As we approach the Ford Mustang's 50th anniversary, it is firmly entrenched in American culture.
It has starred in numerous movies and TV shows, won countless road course and drag races and been the object of desire for generations of car fans.
"It was one of the first muscle cars out there," said Pete Blagojevic general manager at Art Hill Ford in Merrillville. "The Mustang is still a sporty, affordable car, but if you compare the 1964 technology to today's cars the difference is incredible."
Ford stirred up more interest in the Mustang recently by unveiling the 2015 model. Though the looks are an evolution of the current car (why fix what isn't broken?), the new Mustang should be a better car thanks to improved interior materials and a new independent rear suspension that will improve dynamics.
Ford's unveiling of the new Mustang got us thinking about our favorite Mustangs over the years. Here we present five great Mustangs that should tide you over until the new car debuts this spring at Art Hill Ford in Merrillville, Barile Ford in Valparaiso, Lakeshore Ford in Burns Harbor, Paul Heuring Ford in Hobart, Smith Ford in Lowell and Webb Ford in Highland.
Ford introduced the Mustang at the New York World's Fair on April 17, 1964. It was based on the compact Ford Falcon, but it was far more stylish, and it offered features usually found in European cars, including bucket seats and a floor shifter.
Hardtop coupe and convertible body styles were offered initially, and a sleek fastback coupe joined the lineup that September. Buyers could choose from two inline six-cylinder and three V8 engines. The combination of V8 power, gorgeous styling, and a compact footprint made it the world's first pony car.
The Mustang was an instant hit, with more than 680,000 sold in its extended first model year, and it spawned a series of competitors within a few years.
1967 Mustang GT-500
The restyled 1967 Mustang grew in size and power, adding its first big-block engine, the 320-horsepower 390-cubic inch V8. Ford's racing and performance partner Carroll Shelby turned up the heat even further, installing the Police Interceptor 428-cubic inch V8, which was conservatively rated at 355 horsepower, to create the GT-500.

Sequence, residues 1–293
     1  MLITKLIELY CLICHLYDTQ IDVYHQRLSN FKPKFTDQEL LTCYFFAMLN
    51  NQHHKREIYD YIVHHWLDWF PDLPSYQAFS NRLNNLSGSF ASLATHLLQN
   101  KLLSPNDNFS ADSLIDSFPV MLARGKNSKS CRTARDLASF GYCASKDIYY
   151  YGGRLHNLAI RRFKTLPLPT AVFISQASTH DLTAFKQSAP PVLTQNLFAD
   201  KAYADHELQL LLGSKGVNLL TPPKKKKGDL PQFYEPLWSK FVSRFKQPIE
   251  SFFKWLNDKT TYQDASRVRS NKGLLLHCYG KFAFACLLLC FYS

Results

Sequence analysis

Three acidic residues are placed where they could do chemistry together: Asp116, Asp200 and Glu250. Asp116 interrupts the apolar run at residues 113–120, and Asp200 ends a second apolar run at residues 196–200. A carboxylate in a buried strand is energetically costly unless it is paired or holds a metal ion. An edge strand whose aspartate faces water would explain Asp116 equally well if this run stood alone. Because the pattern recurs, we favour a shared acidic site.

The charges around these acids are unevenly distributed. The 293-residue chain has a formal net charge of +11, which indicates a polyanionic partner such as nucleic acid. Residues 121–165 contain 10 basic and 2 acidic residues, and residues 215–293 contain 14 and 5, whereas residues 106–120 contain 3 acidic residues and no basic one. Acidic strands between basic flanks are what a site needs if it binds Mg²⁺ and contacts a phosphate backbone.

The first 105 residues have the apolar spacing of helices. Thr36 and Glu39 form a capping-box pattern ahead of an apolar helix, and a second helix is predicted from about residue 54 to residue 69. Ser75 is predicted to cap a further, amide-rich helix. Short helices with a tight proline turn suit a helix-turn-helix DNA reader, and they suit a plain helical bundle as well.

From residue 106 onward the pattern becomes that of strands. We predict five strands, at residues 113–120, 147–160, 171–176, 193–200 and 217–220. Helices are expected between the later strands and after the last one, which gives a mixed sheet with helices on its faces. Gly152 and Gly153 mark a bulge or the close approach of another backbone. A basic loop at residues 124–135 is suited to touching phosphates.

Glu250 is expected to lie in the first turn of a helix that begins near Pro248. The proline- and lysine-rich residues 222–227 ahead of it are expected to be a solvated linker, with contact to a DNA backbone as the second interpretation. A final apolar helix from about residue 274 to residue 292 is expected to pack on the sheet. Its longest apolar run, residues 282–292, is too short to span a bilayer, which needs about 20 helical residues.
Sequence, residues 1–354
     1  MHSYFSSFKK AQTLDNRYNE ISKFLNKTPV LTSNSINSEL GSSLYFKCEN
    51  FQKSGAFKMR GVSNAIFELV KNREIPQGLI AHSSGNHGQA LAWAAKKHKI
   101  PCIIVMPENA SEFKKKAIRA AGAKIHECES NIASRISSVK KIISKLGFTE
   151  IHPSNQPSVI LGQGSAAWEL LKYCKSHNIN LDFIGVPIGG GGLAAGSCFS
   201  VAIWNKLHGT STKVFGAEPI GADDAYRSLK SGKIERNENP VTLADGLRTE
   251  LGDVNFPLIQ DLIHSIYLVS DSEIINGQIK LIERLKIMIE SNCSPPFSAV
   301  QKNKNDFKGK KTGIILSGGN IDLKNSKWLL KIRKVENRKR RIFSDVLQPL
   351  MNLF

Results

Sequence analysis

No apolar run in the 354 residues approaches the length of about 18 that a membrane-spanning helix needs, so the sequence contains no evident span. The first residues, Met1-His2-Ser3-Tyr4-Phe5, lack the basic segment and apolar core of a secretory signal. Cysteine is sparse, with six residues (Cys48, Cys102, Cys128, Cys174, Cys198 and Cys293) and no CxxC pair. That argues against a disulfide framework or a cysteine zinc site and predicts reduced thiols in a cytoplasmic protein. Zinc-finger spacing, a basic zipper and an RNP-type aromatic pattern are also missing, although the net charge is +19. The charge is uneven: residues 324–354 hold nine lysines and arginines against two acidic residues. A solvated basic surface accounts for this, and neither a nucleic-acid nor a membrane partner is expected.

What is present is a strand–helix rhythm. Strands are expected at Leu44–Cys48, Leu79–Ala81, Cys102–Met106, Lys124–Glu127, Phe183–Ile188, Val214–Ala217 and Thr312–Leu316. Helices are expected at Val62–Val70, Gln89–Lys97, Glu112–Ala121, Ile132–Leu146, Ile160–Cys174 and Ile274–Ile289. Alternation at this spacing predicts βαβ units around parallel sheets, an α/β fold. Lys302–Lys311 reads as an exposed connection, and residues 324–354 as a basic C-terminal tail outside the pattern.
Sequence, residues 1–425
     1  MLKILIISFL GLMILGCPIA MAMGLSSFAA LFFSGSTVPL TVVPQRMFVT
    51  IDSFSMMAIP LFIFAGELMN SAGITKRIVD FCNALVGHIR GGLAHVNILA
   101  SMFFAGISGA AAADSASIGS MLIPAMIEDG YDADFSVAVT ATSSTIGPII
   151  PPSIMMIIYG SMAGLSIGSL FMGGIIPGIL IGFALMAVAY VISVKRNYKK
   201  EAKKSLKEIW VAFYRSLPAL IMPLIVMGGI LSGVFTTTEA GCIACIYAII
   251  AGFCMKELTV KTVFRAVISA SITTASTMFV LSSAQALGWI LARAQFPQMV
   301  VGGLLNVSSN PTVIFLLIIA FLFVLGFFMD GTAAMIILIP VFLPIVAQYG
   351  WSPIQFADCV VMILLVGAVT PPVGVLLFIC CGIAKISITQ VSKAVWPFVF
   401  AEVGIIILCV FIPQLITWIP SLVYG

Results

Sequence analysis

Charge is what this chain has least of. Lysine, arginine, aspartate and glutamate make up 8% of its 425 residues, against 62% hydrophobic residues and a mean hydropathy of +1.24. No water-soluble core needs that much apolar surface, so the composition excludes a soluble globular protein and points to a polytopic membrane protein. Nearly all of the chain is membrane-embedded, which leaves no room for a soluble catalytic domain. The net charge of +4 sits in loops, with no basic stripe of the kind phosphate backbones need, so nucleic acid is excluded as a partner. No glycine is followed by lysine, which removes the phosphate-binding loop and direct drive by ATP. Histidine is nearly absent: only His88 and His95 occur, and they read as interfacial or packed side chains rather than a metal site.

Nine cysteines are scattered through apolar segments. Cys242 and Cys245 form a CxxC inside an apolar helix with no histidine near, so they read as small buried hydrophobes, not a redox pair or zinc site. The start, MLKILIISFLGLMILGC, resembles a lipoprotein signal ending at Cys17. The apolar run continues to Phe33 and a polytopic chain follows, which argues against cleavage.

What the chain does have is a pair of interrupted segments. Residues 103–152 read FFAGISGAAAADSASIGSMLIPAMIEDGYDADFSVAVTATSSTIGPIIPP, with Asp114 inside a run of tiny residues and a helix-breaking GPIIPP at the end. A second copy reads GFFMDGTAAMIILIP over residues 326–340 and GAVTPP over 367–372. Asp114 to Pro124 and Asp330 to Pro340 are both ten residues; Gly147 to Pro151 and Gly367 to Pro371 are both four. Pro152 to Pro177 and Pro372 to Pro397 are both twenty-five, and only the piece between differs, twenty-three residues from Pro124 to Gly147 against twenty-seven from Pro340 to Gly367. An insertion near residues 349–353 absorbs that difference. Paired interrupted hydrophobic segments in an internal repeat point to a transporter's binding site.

The sleek body got even sexier with a fiberglass trunklid and functional scoops on the hood, rear quarter panels, and B-pillars. Power steering and brakes and a roll bar aided handling, but the GT-500 was most impressive in a straight line. In Motor Trend testing, it posted a 6.2-second 0 to 60 mph time and a 15.42-second quater-mile run.
1970 Mustang Boss 429
One of the rarest and most desired Mustangs of all time is the Boss 429. Ford built fewer than 1,400 of them in 1969 and '70. The monster 429-cubic-inch V8 was installed under the hood to help qualify it for use in NASCAR racing. The engine used semi-hemispherical heads, much like Chrysler's 426-cubic-inch Hemi V8, and produced an under-rated 360 horsepower.
Fitting that big engine in a Mustang required widening the front track, modifying the suspension, moving the battery to the trunk, and altering the wheel openings. The Boss 429 was fast, covering the quarter mile in 14.09 seconds, but the engine was meant for high-revving superspeedway duty, not short quarter-mile bursts, so the Mustang Cobra Jet was faster on a dragstrip.
2000 Mustang Cobra R
Ford turned to NASCAR team owner Jack Roush to help build the best performing Mustang to date in 2000. The heart of the Cobra R was a 5.4-liter V8 that cranked out 385 horsepower. It pushed the Cobra R from 0 to 60 mph in less than five seconds on its way to a top speed of 175 mph.
Meant for road course duty, the suspension featured Bilstein shocks and struts and Eibach springs, while the bare bones interior lacked a radio, cruise control, air conditioning, and a back seat. Ford built only 300 of this high-performance Mustang, all in Performance Red with charcoal interiors, and the staggering $54,995 price wouldn't be matched until the 2013 Shelby GT500.
2014 Mustang Shelby GT500
The muscular Mustangs of the 1960s were truly powerful for their day, but none of them approach the performance of the most powerful Mustang of all time, the current Shelby GT500. Introduced for the 2013 model year, the Shelby GT500 was developed by Ford's Special Vehicles Team who created a new 5.8-liter V8 to power it.
This supercharged dual-overhead cam engine spins out 662 horsepower and gives the GT500 ridiculous performance figures: 0 to 60 mph in 3.5 second, 11.8-second quarter-mile time, and a top speed over 200 mph. The GT500 can turn corners, too, thanks to a sport-tuned suspension, Brembo brakes, and an available Performance package with adjustable dampers.